Julia’s Child

Louisa Elderton on the 10th anniversary of the Julia Stoschek Collection

Left: Julia Stoschek and artist Marina Abramović. Right: Julia Stoschek, Stoschek Collection director Monica Kerkmann, MoMA director Glenn Lowry, and MoMA PS1 director Klaus Biesenbach. (All photos: Louisa Elderton)

SOMETIMES THE UNIVERSE throws you a curveball. Like at the ten-year anniversary exhibition of the Julia Stoschek Collection in Düsseldorf, where, standing in front of Ed Atkins and Simon Thompson’s SKY NEWS LIVE, a gripping newsfeed depicted the unfolding results of the British general election. Having witnessed from afar the Westminster, Manchester, and London Bridge attacks, sandwiched by Theresa May’s hard-line Brexit rhetoric and her snap election, I was ready to give up when reading a poll predicting the biggest Tory landslide since Thatcher. (No prizes for guessing my politics.) But as we’ve learned, never tune out too soon.

Stoschek and collection director Monica Kerkmann greeted me at the museum’s entrance, the former dressed in an elegant white off-the-shoulder jumpsuit, dabbing running mascara from her eyes, overwhelmed that her birthday coincided with the anniversary exhibition. Titled “Generation Loss” and curated by Atkins—who had just flown in from Berlin, sleep-deprived but elated about the birth of his baby girl just five days prior—the show marks Stoschek’s decade-long commitment to moving-image works, which has included the launch of private museums in Düsseldorf and Berlin and the acquisition of over 750 works by mostly European and American artists. The show highlights the challenge of artwork degradation and platform obsolescence, and spans the entire history of the medium.

The exhibition comprises a series of rooms containing two projections each and separated by thick, soundproof glass walls. One could gaze through them to see a mass of moving images, a flickering snapshot of the vast collection. Highlights included Barbara Hammer’s 1990 work Sanctus, featuring moving x-rays, and Nathalie Djurberg & Hans Berg’s unnerving clay animation We Are Not Two, We Are One. There was also Cao Fei’s 2007 animated work RMB City—A Second Life City Planning by China Tracy, and Ian Cheng’s live algorithmic simulation Emissary in the Squat of Gods, which requires a connection to a complex external server.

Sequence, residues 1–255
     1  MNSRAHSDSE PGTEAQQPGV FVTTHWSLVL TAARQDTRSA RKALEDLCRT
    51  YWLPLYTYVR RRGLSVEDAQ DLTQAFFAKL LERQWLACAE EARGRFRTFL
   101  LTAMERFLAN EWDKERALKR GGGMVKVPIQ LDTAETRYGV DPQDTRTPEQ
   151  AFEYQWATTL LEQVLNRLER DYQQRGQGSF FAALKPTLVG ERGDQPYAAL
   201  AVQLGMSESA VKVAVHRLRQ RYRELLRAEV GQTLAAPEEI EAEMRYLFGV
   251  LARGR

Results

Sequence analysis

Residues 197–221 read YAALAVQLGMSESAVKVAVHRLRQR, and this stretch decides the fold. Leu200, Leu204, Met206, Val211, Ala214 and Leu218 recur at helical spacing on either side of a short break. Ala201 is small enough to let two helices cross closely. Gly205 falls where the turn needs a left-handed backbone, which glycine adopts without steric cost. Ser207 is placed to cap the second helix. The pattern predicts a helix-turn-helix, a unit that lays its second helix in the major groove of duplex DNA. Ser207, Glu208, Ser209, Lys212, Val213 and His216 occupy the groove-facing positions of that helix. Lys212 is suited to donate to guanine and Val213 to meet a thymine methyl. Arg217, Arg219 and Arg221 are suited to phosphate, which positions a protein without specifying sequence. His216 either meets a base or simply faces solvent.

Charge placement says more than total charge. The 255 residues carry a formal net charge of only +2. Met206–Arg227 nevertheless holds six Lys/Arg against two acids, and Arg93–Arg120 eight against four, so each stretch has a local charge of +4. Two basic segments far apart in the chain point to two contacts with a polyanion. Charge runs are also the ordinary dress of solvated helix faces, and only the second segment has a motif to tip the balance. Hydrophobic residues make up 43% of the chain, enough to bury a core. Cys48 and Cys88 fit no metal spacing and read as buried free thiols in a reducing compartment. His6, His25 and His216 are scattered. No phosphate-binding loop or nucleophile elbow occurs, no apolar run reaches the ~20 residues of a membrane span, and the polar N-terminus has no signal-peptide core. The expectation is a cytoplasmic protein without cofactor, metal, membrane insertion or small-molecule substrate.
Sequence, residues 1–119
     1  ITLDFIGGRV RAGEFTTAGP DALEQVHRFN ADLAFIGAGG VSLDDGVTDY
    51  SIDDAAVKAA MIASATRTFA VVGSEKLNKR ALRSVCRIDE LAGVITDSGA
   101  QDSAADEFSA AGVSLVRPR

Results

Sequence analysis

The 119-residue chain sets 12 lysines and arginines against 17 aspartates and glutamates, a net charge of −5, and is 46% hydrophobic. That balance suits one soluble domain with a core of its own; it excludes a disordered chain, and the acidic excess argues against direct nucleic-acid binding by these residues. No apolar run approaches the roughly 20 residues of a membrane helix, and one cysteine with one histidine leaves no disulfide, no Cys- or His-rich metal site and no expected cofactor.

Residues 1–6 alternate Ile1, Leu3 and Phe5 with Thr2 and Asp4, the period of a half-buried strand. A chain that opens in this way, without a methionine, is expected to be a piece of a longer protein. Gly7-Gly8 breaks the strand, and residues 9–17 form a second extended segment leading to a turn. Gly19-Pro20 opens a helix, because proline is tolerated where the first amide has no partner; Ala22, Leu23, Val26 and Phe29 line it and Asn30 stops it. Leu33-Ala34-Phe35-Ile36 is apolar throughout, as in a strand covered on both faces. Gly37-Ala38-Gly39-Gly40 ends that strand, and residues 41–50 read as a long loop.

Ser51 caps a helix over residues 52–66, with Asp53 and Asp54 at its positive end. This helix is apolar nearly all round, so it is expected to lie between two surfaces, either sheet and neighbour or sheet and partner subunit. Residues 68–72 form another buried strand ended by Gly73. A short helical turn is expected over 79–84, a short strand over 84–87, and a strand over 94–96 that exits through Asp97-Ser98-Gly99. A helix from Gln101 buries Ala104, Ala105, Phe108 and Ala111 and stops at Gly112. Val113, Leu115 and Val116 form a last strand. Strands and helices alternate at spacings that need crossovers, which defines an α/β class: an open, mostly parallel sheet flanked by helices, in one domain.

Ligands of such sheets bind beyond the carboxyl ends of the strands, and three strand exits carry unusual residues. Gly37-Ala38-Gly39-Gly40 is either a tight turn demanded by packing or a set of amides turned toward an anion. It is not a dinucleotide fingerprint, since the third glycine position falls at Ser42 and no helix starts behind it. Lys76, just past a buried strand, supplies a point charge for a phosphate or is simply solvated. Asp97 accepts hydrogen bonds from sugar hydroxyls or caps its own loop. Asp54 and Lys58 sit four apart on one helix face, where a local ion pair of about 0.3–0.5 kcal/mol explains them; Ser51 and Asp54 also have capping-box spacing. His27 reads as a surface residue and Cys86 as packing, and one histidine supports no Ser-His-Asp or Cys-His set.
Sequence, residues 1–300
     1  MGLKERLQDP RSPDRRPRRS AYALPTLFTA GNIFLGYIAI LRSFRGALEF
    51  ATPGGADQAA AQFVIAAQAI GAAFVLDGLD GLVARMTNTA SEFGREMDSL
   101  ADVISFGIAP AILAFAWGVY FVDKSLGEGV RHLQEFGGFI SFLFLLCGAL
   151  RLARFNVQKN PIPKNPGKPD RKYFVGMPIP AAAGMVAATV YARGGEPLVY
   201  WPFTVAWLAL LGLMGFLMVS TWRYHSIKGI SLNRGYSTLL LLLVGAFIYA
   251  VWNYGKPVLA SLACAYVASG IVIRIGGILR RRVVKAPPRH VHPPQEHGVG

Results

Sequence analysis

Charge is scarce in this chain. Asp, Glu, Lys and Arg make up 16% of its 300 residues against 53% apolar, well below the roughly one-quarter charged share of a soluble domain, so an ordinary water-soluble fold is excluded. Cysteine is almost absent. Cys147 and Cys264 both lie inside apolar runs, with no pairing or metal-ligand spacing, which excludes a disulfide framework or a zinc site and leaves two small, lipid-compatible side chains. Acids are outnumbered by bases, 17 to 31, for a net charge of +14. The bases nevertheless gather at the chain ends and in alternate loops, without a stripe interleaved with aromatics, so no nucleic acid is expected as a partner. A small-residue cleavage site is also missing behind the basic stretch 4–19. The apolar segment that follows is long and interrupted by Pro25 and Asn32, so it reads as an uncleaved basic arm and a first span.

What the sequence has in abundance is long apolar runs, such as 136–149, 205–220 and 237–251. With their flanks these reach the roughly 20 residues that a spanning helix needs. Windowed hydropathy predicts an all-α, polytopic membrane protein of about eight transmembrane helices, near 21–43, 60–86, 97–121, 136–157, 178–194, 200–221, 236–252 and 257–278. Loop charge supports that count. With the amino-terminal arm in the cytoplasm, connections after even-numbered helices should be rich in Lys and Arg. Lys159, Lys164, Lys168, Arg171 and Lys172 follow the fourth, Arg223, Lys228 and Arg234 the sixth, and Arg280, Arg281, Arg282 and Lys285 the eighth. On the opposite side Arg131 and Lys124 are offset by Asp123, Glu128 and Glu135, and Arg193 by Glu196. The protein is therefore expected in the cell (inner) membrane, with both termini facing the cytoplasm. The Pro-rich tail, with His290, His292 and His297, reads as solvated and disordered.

Left: Bruce Nauman's Walking in an exaggerated manner around the perimeter of a square, 1967-68, and Patty Chang's Fan Dance, 2003. Right: Sianead Sullivan and Laura Catania.

The VIP private view, dinner, and afterparty featured some of the biggest names in the international art world, most of whom had arrived from Documenta 14 in Kassel or Skulptur Projekte Münster. Sipping on Pimm’s and champagne in the collection’s courtyard were artists Andreas Gursky; Britta Thie with her Botticelli-esque hair; Lucy Raven, whose installation 20th Century Lights was commissioned especially for the show; and Marina Abramović, whose white ensemble perfectly complemented Stoschek as the two embraced affectionately. Berlin-based collectors Christian and Karen Boros were there, en route to Art Basel, which they have attended unfailingly for the past twenty years, as were the Zabludowicz Collection’s Lizzie Neilson and Maitreyi Maheshwari, who discussed their upcoming artist residency in Las Vegas, and Galerie Neu’s Thilo Wermke and Supportico Lopez’s Gigiotto del Vecchio. Chris Dercon was still riding the ripples of his new position at the Volksbühne Berlin, and KW director Krist Gruijthuijsen arrived following a talk about Australian art at ARNDT Art Agency.

Dinner for over 250 guests was served in Stoschek’s private apartment at the top of the museum. I sat next to Future Gallery’s Mike Ruiz, who praised the collection’s rigor, and Lara Asole from Pilar Corrias Gallery, there during a brief break from installing Philippe Parreno’s stainless-steel Christmas tree Fraught Times at Art Basel Unlimited.

As we tucked into the burrata, deep-fried zucchini flowers, and steak, MoMA director Glenn Lowry stood up to tell us about how Stoschek collects “with an elegance of thinking that distinguishes her from every other collector I know… with a conviction that we are all here on this planet for a reason.” Then it was MoMA PS1 director Klaus Biesenbach’s turn: “She’s fast, she’s curious, she has something magical,” he said, reminding us that she had “been a patron saint and an angel for KW”—the Berlin contemporary art institution that he founded in the early 1990s. A very jolly Atkins completed his own speech about traversing the passages of generations: “It’s Julia’s birthday—and I just had a baby girl!” And at that, a three-tiered birthday cake emerged.

As we mingled on the rooftop, observing the full moon presiding over Raven’s installation, guests discussed routes to the afterparty at Stahlwerk, where Peaches was playing alongside main DJ act ÂME. I chose instead to sneak off for an intimate nightcap in a local beer hall with Atkins, Raven, KW curator Anna Gritz, and the Zabludowicz gang. Wouldn’t you have done the same?